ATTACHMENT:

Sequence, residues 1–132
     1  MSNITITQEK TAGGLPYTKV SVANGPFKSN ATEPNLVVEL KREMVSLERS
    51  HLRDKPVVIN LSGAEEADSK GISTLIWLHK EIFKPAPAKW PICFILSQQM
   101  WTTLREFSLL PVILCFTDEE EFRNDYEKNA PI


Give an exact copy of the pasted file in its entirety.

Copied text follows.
Sequence, residues 1–132
     1  MSNITITQEK TAGGLPYTKV SVANGPFKSN ATEPNLVVEL KREMVSLERS
    51  HLRDKPVVIN LSGAEEADSK GISTLIWLHK EIFKPAPAKW PICFILSQQM
   101  WTTLREFSLL PVILCFTDEE EFRNDYEKNA PI